Posted 17th June 2019 | 4 Comments

South Western strikes set to go ahead

FIVE days of strikes are set to go ahead on South Western Railway from tomorrow, after new talks failed to reach agreement over on-train staffing and the role of guards.

The walkouts will close the Shepperton branch, and trains on the Hampton Court branch will run only when passengers will be travelling to and from a music festival, while limited services will also run for Royal Ascot.

Other sections with no SWR trains will include Virginia Water-Weybridge, Effingham Junction-Epsom, Worcester Park-Chessington South, and Exeter Central to Exeter St David’s. Many other services will be reduced, and buses will replace trains from a number of stations.

The RMT says SWR ‘is refusing to give assurances on safe operation’, but SWR said the failure of negotiations and the start of strikes was ‘very disappointing’.

RMT general secretary Mick Cash said: ‘Our members have been left with no choice but to go ahead with strike action tomorrow. They are angry and frustrated that despite suspending action in good faith, and entering into talks in a positive and constructive manner, South Western Railway have dragged their heels and failed to bolt down an agreement that matches up to our expectations on the guard guarantee.

‘Worse than that, the company have refused to give assurances on the future operational role of the guard fuelling fears amongst our members of a stitch up. That situation has been compounded by an insistence that future operational models will be governed by the protection of company profits and not the safety of the travelling public.

‘For more than three months we have sought to negotiate a conclusion to this dispute and it is wholly down to the management side that the core issue of the safety critical competencies and the role of the guard has not been signed off.’

South Western Railway said the strikes were ‘unnecessary’. The company added: ‘It’s very disappointing that despite having had dates in the diary for what we hoped would be further constructive talks, the RMT union decided to call disruptive strike action over the course of five days. Only this week, we met with the union and agreed to arrange new dates to get around the table and continue those talks. However, they seem insistent on going ahead with their unnecessary strike next week which will impact our customers and colleagues alike. Clearly, they have decided to target popular events such as Royal Ascot with this cynical action which is driven by internal RMT politics.

‘The RMT has always said it wanted us to keep the guard on every train which is what we have offered as part of a framework agreement. We want to move the conversation on to how we operate our new trains and take advantage of the new technology on board to benefit our customers. We remain committed to finding a solution that will help us build a better railway for everyone. We will do everything we can to keep customers moving during these strikes but would like to apologise for the disruption this unnecessary action will cause.’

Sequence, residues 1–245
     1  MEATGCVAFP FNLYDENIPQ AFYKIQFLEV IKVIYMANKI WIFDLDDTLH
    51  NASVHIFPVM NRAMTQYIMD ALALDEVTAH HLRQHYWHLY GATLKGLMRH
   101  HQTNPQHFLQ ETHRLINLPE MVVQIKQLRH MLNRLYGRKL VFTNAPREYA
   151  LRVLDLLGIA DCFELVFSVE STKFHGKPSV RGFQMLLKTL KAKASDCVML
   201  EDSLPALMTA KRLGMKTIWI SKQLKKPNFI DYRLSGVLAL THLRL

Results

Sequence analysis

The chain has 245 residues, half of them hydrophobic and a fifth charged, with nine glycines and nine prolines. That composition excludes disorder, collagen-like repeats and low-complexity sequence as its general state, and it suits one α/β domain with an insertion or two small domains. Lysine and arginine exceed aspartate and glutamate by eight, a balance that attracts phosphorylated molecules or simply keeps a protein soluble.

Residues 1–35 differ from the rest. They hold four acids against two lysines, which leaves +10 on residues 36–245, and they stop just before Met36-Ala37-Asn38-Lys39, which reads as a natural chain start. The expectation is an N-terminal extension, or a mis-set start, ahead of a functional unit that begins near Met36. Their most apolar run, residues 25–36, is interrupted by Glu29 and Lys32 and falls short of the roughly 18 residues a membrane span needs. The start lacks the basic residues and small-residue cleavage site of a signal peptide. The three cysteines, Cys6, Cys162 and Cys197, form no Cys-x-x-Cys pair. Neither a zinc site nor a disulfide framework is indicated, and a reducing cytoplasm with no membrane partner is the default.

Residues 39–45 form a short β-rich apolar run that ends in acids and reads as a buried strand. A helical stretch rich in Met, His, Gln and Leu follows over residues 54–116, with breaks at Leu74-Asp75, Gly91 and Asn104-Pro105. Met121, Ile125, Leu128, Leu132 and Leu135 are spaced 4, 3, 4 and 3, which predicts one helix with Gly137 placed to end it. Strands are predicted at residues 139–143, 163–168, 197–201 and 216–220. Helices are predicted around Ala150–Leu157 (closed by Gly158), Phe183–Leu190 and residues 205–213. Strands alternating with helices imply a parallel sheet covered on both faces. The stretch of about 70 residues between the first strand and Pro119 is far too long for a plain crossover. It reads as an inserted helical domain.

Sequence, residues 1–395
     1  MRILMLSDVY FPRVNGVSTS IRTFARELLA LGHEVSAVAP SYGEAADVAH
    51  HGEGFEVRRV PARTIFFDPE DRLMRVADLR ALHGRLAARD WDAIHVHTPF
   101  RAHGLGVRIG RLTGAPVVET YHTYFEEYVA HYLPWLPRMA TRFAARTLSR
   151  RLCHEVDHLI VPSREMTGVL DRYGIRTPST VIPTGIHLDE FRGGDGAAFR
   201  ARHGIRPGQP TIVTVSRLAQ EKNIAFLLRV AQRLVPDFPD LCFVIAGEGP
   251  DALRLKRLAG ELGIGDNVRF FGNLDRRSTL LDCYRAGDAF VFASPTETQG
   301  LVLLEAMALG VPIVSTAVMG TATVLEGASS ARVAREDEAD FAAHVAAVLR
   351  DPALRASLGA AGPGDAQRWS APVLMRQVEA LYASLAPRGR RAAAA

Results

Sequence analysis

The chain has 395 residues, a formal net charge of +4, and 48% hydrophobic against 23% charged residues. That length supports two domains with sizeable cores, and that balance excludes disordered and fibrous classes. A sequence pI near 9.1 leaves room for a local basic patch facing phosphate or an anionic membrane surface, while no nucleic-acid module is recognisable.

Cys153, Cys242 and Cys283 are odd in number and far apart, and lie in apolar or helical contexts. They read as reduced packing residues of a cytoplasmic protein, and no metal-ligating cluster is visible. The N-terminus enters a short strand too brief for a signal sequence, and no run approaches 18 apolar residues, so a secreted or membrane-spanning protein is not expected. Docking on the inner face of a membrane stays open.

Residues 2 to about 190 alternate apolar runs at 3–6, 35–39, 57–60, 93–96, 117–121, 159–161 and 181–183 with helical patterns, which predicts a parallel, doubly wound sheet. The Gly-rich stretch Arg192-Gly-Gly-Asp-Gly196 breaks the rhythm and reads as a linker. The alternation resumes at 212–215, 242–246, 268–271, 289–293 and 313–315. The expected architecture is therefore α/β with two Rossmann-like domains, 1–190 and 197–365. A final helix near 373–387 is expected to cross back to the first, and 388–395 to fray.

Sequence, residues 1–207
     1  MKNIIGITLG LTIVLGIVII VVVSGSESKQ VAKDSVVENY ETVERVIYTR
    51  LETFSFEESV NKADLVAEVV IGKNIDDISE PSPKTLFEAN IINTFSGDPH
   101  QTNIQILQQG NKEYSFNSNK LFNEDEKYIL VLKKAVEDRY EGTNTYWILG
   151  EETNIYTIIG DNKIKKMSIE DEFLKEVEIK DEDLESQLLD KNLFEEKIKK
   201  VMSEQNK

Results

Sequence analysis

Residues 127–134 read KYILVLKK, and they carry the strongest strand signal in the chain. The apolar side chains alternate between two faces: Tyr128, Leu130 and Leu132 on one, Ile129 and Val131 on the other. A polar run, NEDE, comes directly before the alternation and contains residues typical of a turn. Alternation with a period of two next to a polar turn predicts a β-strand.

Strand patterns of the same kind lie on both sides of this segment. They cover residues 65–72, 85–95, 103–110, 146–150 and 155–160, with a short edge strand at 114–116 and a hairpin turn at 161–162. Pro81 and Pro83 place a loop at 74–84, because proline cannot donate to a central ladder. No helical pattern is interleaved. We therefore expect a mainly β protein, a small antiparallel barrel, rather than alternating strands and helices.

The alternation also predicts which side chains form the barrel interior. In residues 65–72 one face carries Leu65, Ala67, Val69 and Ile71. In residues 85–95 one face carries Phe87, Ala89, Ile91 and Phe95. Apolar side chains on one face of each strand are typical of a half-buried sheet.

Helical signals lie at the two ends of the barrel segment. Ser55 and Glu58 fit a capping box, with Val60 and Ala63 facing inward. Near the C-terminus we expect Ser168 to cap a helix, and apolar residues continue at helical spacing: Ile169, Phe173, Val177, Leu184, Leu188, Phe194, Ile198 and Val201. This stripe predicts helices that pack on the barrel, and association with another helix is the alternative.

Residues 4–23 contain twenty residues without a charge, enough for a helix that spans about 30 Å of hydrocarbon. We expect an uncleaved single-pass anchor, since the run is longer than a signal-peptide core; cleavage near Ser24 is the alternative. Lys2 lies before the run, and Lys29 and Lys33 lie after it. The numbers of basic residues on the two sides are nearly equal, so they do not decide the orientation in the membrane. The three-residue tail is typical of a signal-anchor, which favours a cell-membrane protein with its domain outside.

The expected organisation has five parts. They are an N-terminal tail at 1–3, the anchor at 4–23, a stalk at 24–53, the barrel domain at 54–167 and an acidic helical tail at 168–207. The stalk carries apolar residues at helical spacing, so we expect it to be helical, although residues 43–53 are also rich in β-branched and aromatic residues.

Reader Comments:

Views expressed in submitted comments are that of the author, and not necessarily shared by Railnews.

  • Jez Milton, Manchester

    The Scotrail fudge around Edinburgh is laughable. The network of DOO trains around Glasgow is the way to operate trains, with a second member of staff rostered to collect fares.

  • Graham Lees, London

    The Scotrail outcome can hardly be called a sensible compromise. The driver should be responsible for closing doors and ensuring the train is safe to depart. Adding a second person into the decision making adds a safety risk that should be avoided. Accident reports suggest that trains with guards operating doors are subject to as many accidents (or more) as those where the driver operates the doors.
    Where appropriate, ‘despatch’ assistance should be given by station staff, which is good justification for retaining them when there is so much pressure to get rid of them.

  • david c smith, Bletchley

    Interesting that a similar dispute on Scotrail got resolved within a few weeks with a sensible compromise - driver opens the doors ( little safety hazard) and conductor / guard to close them( much more risk of accidents).

    I can only guess there is al lot of political "axe grinding" going on. On one side, the unions wanting to disrupt services, so as to alienate the travelling public and lead them to clamour for renationalisation, and on the other, a government who see it all as an opportunity to bring about disempowermeent of the unions.

  • Jez Milton, Manchester

    Passengers don't want invisible 'guards' on trains. Fiddling with door buttons and bell signals.

    Passengers want revenue protection and security.

    I hope RMT members turn on the Corbynite loons leading them endlessly into pointless political industrial action.

    Good luck SWR. I hope you manage to run trains and defeat the dinosaurs.